I love this Post! Our thinking as parents is very backwards when it comes to the things of the Lord. The first questions about our children should be the ones you mentioned. Is my child growing in the Lord? How do I help them grow in their love for God?

    The answer to the surface questions of tattoos, dating and drugs are normally unnecessary if we would always ask the right question first.

    Is my child growing in the Love of the Lord and how can I help them do that one thing better? The rest the Lord will help with. And the right question brings with it a cadence of being involved in your child’s life.

    It is the Parents responsibility to help their children grow in the Lord first. Parents have to own the spiritual health of their children and father’s the spiritual health of the family. It’s how God designed it. And if we do that as parents I believe we will already know the answer to any surface questions because we are so engaged in our children’s lives.

    Thank you for this great Post!

  5. Thomas Goodnow says:

    Slightly tangential, too contemporary, and obviously on the lighter side, but it was amusing to read:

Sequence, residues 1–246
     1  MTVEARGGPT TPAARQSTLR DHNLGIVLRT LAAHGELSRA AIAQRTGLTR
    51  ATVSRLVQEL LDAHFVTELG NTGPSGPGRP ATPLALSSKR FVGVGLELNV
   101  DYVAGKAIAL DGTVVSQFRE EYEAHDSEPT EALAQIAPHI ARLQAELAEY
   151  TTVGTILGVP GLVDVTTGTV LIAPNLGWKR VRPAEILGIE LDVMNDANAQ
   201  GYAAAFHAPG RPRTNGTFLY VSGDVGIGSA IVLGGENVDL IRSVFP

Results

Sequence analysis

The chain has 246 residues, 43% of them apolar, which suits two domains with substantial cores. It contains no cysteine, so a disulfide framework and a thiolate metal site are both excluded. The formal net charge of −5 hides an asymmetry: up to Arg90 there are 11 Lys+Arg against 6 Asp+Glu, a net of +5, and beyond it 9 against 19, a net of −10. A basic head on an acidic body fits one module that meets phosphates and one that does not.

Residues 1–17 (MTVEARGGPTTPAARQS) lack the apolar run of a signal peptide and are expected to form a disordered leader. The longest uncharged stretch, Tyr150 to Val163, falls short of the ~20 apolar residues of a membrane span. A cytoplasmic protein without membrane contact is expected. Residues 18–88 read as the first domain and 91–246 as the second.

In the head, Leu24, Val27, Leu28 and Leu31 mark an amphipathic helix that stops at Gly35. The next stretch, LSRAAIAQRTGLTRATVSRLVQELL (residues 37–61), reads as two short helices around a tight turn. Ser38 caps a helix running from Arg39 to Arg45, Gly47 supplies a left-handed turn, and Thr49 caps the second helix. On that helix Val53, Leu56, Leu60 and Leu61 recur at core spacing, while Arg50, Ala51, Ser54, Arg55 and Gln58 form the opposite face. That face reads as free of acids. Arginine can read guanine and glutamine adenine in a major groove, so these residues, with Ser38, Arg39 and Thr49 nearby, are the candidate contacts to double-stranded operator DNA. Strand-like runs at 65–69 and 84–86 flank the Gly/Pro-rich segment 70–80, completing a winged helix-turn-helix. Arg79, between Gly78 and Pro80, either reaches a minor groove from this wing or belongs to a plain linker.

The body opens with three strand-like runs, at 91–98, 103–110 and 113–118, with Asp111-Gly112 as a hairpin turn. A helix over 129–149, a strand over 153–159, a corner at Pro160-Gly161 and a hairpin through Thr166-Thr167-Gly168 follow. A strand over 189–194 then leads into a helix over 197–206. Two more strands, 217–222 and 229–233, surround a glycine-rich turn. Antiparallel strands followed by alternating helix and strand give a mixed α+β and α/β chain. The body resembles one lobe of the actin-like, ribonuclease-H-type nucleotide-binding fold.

http://steamtunnelpilot.blogspot.com/ (Pennsylvania Youth Pastor Alarms Congregation with “Unconscionable Stunt” ; no, it’s not the one that’s been in the news).

    The church I attend isn’t as bad as this, but I empathize with the thrust of your article. It came home when one day we asked our oldest son (mostly raised in our previous church), “what is the meaning of life?”
    “I don’t know. Nobody does,” he replied. And this from a weekly attender, active in the youth group and leading worship. We had a talk about it there, citing at least the Westminster Shorter, and he got it pretty quickly, but it was disturbing to see the spirit of the age so easily absorbed by somebody we thought we were doing well with.
    Couldn’t agree more with the observation that youth ministry is only partly about youth, and at least partly (sometimes mostly) about parents. When I read Christian Smith’s “Soul Searching”, the most disturbing finding was that most teens grow up believing not what their pastor teaches them, or even necessarily what their school teaches them, but what their parents teach them. There are youth who attend who wind up believing in a markedly different way of life than their parents (I was one of these happy exceptions), but they are, alas, exceptions.